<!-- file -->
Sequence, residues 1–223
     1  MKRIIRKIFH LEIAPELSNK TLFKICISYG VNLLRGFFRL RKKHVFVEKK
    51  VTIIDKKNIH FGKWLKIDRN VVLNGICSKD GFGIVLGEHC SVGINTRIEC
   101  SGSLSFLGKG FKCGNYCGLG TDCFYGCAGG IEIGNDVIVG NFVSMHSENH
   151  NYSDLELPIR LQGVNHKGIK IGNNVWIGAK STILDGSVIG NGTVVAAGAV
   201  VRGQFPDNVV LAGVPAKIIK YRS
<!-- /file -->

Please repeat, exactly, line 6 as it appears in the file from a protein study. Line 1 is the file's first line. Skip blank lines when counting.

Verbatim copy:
   201  VRGQFPDNVV LAGVPAKIIK YRS